Despite this wall of hatred and lies that separates Americans from the North Korean people, their two societies have a strong kinship: their populations have both been traumatized by the violence of capitalism and empire. The United States, which was founded on slavery and on the genocide of its continent's Indigenous people, is now suffering under extreme economic inequality and a paradigm of violence that's perpetuated by the existence of its global empire. Americans are saturated in war propaganda, subject to the rule of a militarized police state, and under threat from police violence and frequent mass shootings. With its current profit-driven escalations of state violence against immigrants, America is once again revisiting the racism and exploitation that it's built upon.

The story of the DPRK shows us the way to get out of our hell. After fighting off the forces of Japanese colonialism and American imperialism, the north Korean people have created a society that's oriented around recognizing its own history and improving its material conditions by building socialism. Throughout this next century, we can follow a parallel path, which is the one of decolonization and socialist revolution.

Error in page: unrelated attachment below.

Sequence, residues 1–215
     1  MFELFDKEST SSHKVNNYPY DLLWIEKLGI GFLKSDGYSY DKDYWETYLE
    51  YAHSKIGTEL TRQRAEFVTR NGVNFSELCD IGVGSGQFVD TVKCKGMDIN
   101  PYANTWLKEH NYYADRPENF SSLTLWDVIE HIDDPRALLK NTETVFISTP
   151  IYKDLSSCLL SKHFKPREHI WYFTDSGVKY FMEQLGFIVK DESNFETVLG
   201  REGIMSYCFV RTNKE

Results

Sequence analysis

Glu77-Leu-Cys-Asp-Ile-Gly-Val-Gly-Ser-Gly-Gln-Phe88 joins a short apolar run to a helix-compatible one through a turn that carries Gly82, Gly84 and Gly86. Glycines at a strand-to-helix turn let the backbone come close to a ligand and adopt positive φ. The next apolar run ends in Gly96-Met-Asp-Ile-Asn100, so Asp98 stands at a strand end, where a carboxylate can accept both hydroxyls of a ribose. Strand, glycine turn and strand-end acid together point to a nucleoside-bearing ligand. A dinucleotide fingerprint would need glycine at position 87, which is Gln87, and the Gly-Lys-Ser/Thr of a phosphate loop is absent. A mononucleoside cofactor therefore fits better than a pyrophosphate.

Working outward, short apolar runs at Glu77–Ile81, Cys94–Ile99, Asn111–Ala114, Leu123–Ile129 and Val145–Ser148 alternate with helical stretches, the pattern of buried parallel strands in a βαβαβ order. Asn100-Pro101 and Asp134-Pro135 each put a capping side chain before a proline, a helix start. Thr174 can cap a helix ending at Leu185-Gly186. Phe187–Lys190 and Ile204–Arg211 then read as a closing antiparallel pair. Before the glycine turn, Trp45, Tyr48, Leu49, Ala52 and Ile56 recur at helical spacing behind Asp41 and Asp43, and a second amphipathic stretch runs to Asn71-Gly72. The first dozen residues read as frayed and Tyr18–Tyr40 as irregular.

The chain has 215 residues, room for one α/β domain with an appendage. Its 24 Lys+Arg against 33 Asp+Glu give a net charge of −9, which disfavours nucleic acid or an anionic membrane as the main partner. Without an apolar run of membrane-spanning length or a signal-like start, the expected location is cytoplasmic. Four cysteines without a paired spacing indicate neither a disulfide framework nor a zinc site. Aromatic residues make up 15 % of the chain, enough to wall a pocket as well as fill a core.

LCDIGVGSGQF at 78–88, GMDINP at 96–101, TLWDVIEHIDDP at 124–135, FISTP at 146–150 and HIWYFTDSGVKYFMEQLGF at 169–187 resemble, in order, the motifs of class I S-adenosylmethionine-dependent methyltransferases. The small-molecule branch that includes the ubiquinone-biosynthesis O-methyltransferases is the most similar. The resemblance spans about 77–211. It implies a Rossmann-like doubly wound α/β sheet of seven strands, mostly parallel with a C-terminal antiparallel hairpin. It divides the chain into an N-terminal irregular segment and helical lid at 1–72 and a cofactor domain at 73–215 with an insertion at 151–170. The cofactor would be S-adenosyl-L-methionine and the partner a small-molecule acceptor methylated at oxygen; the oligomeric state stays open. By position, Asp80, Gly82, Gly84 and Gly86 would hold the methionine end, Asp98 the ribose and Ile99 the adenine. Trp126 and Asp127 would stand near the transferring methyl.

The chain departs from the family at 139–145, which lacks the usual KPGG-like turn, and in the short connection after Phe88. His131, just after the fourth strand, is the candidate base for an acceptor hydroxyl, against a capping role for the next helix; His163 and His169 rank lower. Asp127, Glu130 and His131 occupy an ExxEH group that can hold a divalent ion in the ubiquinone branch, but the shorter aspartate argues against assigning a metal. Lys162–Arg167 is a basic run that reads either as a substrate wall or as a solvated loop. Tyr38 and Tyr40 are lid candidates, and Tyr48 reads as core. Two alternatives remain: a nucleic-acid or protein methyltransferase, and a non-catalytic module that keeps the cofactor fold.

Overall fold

This means carrying out an American anti-capitalist movement in the vein of Marxist-Leninism, one which puts the struggles of the Native American and African American people at the forefront. Through acknowledging the crimes that have been committed against these peoples in the name of capitalism and colonialism, we'll be able to create a society that applies its knowledge of history towards advancing the socialist movement.

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Rainer Shea is writing articles that counter the propaganda of the capitalist/imperialist power establishment, and that help move us towards a socialist revolution.